New-onset psychosis following COVID-19 infection in a patient with no psychiatric history: A longitudinal case report.
BACKGROUND: Viral infection, including COVID-19, has been implicated as a potential cause of various neurobehavioral issues. An increasing number of case reports suggest that current or recent COVID-19 infection may cause new onset of psychotic symptoms in some individuals, potentially related to viral inflammation or infection of the nervous system.
CASE PRESENTATION: A 26-year-old woman with no psychiatric history presented with severe psychotic symptoms days after recovery from a mild COVID-19 infection. No other etiologies for psychosis were identified via diagnostic testing, review of medical history, or interviews with family. Her symptoms persisted for approximately two months, requiring three inpatient admissions, various medication trials, and ongoing outpatient follow-up. With continued use of quetiapine and lithium, she returned to living independently and working full-time, and discontinued all medication approximately nine months after symptom onset.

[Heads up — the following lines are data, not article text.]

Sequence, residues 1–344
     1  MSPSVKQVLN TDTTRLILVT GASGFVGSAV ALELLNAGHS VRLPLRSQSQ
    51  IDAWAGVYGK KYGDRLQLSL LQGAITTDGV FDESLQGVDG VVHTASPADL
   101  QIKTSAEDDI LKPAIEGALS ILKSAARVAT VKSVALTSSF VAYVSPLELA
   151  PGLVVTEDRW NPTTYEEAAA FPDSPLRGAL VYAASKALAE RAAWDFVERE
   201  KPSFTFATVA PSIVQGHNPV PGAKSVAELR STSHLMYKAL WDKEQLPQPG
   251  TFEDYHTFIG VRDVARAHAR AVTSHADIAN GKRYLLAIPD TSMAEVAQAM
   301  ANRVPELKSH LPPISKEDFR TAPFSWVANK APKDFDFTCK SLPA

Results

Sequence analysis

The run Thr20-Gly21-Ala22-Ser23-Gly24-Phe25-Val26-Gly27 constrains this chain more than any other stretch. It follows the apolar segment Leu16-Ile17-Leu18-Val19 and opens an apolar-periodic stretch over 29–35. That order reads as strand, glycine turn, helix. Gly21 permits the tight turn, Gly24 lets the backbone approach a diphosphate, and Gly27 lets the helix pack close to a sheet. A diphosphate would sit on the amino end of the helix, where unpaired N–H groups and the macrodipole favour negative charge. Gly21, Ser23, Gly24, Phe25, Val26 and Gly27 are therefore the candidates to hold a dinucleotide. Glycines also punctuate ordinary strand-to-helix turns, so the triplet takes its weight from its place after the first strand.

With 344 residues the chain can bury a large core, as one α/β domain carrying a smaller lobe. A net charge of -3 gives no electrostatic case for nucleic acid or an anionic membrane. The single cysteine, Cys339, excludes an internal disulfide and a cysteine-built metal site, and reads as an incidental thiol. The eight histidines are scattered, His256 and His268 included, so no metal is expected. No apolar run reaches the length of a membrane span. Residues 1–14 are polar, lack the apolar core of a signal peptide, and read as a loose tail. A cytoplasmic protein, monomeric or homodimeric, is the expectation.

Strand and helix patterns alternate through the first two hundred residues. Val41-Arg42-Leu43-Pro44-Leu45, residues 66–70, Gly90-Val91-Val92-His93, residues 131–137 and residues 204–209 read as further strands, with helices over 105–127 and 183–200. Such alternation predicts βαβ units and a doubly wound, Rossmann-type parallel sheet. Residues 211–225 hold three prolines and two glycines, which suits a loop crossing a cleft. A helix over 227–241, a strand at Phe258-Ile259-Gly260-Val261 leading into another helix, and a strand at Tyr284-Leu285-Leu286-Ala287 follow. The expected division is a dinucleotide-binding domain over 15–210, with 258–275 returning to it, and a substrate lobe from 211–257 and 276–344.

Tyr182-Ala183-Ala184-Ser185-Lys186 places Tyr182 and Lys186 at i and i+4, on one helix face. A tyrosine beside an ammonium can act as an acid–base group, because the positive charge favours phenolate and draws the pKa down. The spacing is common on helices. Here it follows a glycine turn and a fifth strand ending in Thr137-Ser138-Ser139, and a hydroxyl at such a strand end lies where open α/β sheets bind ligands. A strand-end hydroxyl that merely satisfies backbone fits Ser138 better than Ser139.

CONCLUSION: The psychiatric and cognitive effects of COVID-19 infection are not yet fully understood. Given the widespread and ongoing nature of this pandemic, this remains an important focus of further investigation, especially within the context of potential long-term complications.
Psychiatry Res Case Rep
Runyan, Matthew; Fawver, Jay; Coupe, Amanda; and Drouin, Michelle, "New-onset psychosis following COVID-19 infection in a patient with no psychiatric history: A longitudinal case report." (2022). Health Services and Informatics Research. 94.